THE BLOG

A Sacred Fire Is Burning at Eagle Rock

Jul 07, 2010 | Updated May 25, 2011

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The camp at Eagle Rock. (C) Stand for the Land.

Around the world, indigenous communities are defending their homelands and sacred sites from mining companies with more urgency than ever. With the fictional Avatar receiving so much media attention, it's important to realize that very real battles between indigenous communities protecting sacred sites and corporations infringing on them are happening in the real world. And not just in exotic corners of the world, but right here in America, in the Great Lakes, where millions get their drinking water.

Rio Tinto has from the beginning played out the role of the big bad mining company in its plans to mine nickel and copper in Michigan's Upper Peninsula. The project has been marred by a flawed approval process, with one expert hired by the state insisting the project could collapse on workers. Despite unresponsive regulators and politicians, a persistent grassroots movement has stalled the company plans by years already.

This seven-year battle between Rio Tinto and local citizens came to a head when I was arrested a couple weeks ago for "trespassing" on land the company wants to mine for nickel, copper and other precious metals. I was doing what I've been doing on a weekly basis for over a decade - walking with my dog to Migi Zii Wa Sin, or Eagle Rock, a sacred site to Anishinaabe tribes. Rio Tinto took my presence there as a threat and called local law enforcement to the scene. I was arrested and jailed for refusing to leave land the company still has no legal title to.

The important thing about my arrest is that it happened on public land. A couple years ago, Rio Tinto signed a land use lease with the State of Michigan to build surface facilities and a portal for their mine. They still lack federal approval to move forward, yet have bulldozed anyway in order to fence the land off for 40 years and blast a portal for the mine into Eagle Rock. The ore body itself lies underneath a river that feeds into Lake Superior, the largest and most pristine of the Great Lakes.

Under the Treaty of 1842 the Anishinaabe have retained all rights for fishing, hunting and gathering on public lands over a wide swath of land in Michigan and Wisconsin. By allowing Rio Tinto to mine a sacred site, the State of Michigan has disregarded these long-standing rights and dismissed Eagle Rock as a place of worship. Would Rio Tinto get away with blasting a mine into the floor of a Christian cathedral? I doubt it.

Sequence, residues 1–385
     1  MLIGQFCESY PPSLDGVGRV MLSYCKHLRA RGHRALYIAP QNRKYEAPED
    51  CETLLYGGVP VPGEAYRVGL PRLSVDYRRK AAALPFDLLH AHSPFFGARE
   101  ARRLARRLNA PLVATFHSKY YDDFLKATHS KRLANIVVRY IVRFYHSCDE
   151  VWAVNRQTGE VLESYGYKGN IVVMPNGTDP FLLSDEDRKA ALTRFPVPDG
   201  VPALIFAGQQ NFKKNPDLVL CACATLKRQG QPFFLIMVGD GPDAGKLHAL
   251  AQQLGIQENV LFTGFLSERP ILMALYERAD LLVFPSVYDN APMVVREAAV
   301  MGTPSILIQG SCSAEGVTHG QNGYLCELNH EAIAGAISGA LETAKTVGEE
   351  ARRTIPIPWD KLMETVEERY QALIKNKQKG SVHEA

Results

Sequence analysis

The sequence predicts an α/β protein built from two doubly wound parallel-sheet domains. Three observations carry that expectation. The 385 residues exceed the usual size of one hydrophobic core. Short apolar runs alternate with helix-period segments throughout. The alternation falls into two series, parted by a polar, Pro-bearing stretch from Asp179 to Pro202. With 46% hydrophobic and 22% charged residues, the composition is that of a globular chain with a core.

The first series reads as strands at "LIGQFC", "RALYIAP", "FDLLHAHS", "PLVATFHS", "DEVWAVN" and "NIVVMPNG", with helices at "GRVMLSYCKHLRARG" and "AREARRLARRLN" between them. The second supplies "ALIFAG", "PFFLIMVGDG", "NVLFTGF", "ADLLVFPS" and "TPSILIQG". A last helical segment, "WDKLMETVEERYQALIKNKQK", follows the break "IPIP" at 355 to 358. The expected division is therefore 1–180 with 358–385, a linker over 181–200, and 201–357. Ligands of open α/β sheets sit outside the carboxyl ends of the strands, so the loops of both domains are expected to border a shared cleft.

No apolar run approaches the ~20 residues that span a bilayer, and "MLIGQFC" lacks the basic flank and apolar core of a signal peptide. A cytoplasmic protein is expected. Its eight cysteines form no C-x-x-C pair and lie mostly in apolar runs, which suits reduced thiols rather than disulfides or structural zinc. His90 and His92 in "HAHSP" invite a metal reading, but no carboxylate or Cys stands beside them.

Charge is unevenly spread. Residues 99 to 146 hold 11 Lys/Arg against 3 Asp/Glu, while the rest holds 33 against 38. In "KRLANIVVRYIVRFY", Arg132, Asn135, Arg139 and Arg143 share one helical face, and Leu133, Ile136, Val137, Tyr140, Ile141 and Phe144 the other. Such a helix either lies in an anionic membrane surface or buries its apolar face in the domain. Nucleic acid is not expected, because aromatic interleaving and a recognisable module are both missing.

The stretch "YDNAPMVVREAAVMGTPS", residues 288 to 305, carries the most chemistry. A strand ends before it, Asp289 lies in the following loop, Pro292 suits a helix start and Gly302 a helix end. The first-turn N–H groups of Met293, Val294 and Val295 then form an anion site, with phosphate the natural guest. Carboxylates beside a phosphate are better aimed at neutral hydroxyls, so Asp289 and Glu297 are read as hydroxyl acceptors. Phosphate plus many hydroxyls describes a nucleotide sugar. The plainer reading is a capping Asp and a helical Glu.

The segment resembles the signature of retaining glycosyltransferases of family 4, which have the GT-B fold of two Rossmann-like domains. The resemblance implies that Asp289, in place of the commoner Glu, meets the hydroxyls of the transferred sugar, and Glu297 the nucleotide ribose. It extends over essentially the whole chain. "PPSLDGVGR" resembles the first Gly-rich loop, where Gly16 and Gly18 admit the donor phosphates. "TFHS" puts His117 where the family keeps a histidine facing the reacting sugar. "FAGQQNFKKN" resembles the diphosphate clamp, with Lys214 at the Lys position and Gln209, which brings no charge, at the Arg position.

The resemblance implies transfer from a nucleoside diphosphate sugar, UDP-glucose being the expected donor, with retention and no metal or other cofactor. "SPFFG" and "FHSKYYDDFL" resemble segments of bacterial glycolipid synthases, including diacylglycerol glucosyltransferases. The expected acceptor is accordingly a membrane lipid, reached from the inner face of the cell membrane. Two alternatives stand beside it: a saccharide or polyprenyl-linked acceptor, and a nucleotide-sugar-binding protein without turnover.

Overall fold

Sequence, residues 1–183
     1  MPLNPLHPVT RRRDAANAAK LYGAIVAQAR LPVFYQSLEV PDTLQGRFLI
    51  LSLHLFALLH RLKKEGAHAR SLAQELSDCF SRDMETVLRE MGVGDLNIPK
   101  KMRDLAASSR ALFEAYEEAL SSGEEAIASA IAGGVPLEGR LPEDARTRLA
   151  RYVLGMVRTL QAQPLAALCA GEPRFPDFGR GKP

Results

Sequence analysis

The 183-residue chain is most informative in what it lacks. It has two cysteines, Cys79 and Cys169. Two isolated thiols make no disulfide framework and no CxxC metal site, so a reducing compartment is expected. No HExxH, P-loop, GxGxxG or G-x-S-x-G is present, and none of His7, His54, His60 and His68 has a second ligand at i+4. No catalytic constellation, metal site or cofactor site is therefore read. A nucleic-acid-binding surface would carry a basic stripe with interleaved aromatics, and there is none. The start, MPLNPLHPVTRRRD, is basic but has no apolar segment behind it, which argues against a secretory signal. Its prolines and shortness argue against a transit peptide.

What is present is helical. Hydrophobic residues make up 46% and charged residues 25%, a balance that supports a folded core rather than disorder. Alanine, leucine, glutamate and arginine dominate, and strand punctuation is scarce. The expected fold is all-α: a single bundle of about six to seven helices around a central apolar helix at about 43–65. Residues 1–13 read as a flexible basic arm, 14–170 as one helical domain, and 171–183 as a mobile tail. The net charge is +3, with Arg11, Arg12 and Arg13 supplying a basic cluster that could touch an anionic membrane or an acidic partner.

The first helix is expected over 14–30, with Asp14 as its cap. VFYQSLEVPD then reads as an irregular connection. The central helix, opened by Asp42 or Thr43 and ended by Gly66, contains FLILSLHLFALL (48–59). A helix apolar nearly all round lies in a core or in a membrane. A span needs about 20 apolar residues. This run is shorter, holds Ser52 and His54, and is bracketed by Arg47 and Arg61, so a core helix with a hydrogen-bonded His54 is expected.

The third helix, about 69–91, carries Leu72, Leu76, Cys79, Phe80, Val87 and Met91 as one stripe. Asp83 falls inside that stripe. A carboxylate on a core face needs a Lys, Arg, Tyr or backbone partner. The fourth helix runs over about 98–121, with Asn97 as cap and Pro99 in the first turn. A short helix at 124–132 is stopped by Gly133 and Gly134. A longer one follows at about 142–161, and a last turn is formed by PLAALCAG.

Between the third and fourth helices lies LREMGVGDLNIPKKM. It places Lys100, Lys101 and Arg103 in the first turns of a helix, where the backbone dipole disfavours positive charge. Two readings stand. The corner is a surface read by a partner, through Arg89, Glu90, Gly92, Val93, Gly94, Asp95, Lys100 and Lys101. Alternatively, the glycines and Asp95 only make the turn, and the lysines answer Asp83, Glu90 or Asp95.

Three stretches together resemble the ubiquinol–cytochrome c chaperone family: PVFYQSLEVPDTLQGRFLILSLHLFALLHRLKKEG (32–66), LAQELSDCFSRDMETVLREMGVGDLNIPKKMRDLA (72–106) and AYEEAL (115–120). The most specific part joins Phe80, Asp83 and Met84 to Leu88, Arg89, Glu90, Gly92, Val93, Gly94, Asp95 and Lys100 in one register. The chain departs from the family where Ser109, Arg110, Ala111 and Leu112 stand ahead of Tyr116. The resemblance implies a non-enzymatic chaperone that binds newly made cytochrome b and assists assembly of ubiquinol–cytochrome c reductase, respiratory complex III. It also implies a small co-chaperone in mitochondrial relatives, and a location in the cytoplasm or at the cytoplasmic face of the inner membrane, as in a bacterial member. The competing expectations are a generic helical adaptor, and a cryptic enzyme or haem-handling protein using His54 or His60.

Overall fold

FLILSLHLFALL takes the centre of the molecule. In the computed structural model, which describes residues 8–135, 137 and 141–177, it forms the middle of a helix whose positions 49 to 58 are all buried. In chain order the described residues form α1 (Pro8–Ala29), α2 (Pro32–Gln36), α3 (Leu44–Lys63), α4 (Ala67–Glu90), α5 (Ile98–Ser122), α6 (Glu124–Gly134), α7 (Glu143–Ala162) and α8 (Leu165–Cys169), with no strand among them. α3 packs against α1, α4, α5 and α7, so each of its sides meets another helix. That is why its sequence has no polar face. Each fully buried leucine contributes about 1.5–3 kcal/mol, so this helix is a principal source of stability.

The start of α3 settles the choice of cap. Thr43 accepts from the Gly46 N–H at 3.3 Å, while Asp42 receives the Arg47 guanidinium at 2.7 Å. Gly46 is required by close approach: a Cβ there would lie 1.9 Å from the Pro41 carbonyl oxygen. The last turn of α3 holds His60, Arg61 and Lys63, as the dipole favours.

My arrest triggered three brave members of the Keweenaw Bay Indian Community (KBIC) to act in protecting their treaty rights and sacred site. They arrived at Eagle Rock the night of April 23 in a beat-up Geo Metro to "take a stand." The courage of these women, who were the first to occupy Eagle Rock, has inspired many more men and women - both native and non-native - to gather here to protect this place.

2010-05-07-CharlotteLoonsfoot.jpg"I am here because I am a woman and we protect our sacred water," Charlotte Loonsfoot (picture to left by Chauncey Moran), a member of the Keweenaw Bay Indian Community, told me about her initial decision to occupy Eagle Rock. "It is the bloodline of Mother Earth and if we pollute her blood, we will die."

"We have done ceremonies before recorded time until the Treaty of 1842 and our people's removal from our culture and our language. Our stand at Eagle Rock is not only to protect our water, but the spirit in Eagle Rock."

This place, while held sacred by the Anishinaabe, is also a place that is dear to the people living in the small remote communities surrounding Eagle Rock. Locals cherish the notion that America still has remote places where no industrial lights block out the stars, no industrial noise blocks out the wind in the pines, and where people may quietly enjoy these quality public lands held in trust for them by the State of Michigan.

Our state government has sold us out on this public land heritage by placing the wealth and profit of Rio Tinto over the health and welfare of the people it represents. Not only do they fail to recognize the sacred value of Eagle Rock and the rights of the Anishinaabe, they have allowed this company to proceed without federal approval while arresting citizens under absurd charges for getting in the way of Rio Tinto's plans.

Rio Tinto is working now to fence off this public land and Eagle Rock and doesn't seem to mind moving forward without legal authority from the federal government. The Anishinaabe and their non-native supporters will not allow this to continue. We will peacefully stay here until the state recognizes our rights to public land, the sovereign rights of the Anishinaabe, and their right to their sacred land - right here at Eagle Rock.

Cynthia Pryor lives seven miles away from Rio Tinto's planned mine, near the Yellow Dog River, and has worked through the grassroots Yellow Dog Watershed Preserve since 1995.

Anyone interested in keeping up on this issue can find photos and more information at the blog for the Eagle Rock occupation, standfortheland.com.